My uncle never got along with him. They were always on opposite sides of a room at any given time. Uncle Alan referred to him as being stubborn as Hell and the onetime he said that in front of me, he tried to apologize for it. I simply shrugged. I wasn’t going to say I agreed with him, because I couldn’t. I would have had to say he was as stubborn as Satan’s flaming, blind and fat donkey from Hell.
But, I would be repeating myself.

I hung up the phone, walked back down the steps and into the living room. I sat on the couch and closed my eyes in a desperate attempt to clear my head from yesterday.
“If you say one damn word about anything!”
“If that’s what you want.”
I didn’t want to say that to him. I didn’t want him to say all of that. The hitting I could deal with—it was the words. Why did I tell him I loved him before I told him about everything? He told me everything about him, so in that light I thought it best to be honest.
Krys came home that afternoon with Lindsey in tow, at least that’s what she said when she walked into the house.
“Lindsey’s on her way in. Everything cool?” she replied and then tossed my keys to me.
“That depends. Do you want me to lie or tell the truth?”
“Well, she’s here to work on some science homework with me and—”
I threw my head back and took a deep breath before I answered. “As long as we don’t talk about Matthew.”
“I just said you were sick. She’ll ask about him, won’t she?”
“I’ll think of something.”
“Are you still going out with him?” Krys walked back to the door and waved her hands in a come on motion.
“Wow, I’m going to have to write a novel just to cover this afternoon.” I replied.
“Well, you don’t have to mention anything. Not like that’s the first thing she’ll ask about.”
“I can’t pretend it didn’t happen. I’ll have to face the inevitable tomorrow. Might as well get a head start.”

Lindsey walked in a few seconds later. “Jen, are you decent?”
“I’m fine,” I replied—I had since gotten dressed—as she raced toward me with an expression that looked like I must have appeared dead. I admit, I hadn’t done anything with my face or hair since the previous day.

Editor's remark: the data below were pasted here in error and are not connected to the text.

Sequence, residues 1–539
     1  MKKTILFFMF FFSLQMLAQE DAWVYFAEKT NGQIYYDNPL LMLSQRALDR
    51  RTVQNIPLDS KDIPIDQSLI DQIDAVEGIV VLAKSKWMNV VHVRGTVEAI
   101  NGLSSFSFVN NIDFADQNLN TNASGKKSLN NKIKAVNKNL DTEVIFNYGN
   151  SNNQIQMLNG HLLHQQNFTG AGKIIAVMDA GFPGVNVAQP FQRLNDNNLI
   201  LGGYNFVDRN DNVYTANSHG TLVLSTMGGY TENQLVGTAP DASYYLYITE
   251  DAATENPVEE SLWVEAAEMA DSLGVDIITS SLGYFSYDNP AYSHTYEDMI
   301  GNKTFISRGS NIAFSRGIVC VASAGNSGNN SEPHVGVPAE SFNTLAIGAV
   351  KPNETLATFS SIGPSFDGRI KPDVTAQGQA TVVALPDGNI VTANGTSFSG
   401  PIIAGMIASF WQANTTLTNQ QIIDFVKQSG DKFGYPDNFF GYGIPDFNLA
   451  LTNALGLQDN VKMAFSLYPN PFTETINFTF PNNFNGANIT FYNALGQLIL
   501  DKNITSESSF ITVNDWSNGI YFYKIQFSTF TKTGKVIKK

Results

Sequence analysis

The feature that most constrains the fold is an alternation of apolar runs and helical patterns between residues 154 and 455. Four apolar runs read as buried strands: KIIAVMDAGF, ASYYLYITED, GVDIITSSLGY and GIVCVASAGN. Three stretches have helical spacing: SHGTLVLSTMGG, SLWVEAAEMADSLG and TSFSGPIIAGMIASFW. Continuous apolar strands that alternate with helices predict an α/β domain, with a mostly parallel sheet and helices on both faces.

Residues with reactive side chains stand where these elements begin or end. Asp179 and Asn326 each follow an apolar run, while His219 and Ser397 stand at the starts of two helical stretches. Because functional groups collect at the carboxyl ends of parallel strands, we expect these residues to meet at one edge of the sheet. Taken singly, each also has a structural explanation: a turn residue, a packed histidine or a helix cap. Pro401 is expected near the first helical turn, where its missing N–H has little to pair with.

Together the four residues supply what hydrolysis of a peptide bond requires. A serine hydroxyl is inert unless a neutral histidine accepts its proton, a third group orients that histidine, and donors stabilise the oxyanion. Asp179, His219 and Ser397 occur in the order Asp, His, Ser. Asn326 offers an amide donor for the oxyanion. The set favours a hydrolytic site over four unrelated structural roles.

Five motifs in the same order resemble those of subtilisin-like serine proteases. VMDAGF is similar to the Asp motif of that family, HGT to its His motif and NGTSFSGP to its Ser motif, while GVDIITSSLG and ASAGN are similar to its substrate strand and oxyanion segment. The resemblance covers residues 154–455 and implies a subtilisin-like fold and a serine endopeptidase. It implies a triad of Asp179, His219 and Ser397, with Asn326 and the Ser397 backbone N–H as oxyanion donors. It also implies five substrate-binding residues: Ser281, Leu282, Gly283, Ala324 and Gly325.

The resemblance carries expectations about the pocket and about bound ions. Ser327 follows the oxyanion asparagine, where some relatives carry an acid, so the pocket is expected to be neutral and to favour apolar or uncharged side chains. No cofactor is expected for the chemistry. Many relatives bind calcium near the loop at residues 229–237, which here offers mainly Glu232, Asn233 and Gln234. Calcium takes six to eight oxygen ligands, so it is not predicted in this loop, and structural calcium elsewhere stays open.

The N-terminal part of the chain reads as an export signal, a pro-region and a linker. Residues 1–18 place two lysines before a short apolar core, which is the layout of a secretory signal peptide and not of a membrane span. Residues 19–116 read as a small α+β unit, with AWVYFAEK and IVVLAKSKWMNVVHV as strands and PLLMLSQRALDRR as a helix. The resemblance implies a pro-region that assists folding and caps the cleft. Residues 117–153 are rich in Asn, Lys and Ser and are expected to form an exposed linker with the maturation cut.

“What happened to your ears?” she asked as she peered at the bandages.
“Allergies to nickel plating.”
“And sick too? Did you get food poisoning on your afternoon date?”
“No, no. Nothing like that. We just went to the park.” I should have asked Krys about the extent of my sickness. I mean, was the student body raising money to buy me a new kidney?
“He took you to the park? Like, was it his idea?”
“Lindsey, biology. Chapter test. Study?” Krys motioned toward the stairs.
Lindsey took the hint and I followed behind both of them to the dining room.

They took out their schoolwork and Krys handed over my books—they were left at the office by a party unknown. I skimmed through them, seeing no defacements, no out of the ordinary underlines or highlights, no notes. I was kind of disappointed he had not placed an apology or some form of communication. I guess no was going to be the final answer.
“Hey, Jen?” Lindsey asked, snapping me from my thoughts.
“Yeah?”
I picked up a coffee mug from the end table and walked toward the kitchen.
“I have a question that I have been wanting to ask you since the first day of practice but—it’s a little personal.”
“Okay,” I replied as I stood in the door.
“Don’t get mad….” she began as she took her school work and laid it out on the table.
“I can’t until you ask.”
Lindsey pointed at me. “Are they real?”
“Are what real?”
“Your boobs, Jen,” Krys stated while staring at her notes. I, for one, was surprised that anyone would wonder, let alone ask.
“Yeah, are they?” And to think I worried if she noticed my eyes were more a shade of blue than brown—I’d left my contacts out.
“Yes.”
Lindsey’s jaw dropped. “Really? I thought they did it all with silicone.”
“Hormones. Two years’ worth.”
I finally got to the kitchen to place the coffee cup in the sink, glad that the interrogation had ended.
“Do you have any tattoos?”
“Lindsey!” Krys screeched—more because of the sound of shattering porcelain from the dropped mug.
“What? I said I was still going to make some big changes. Just getting some ideas.”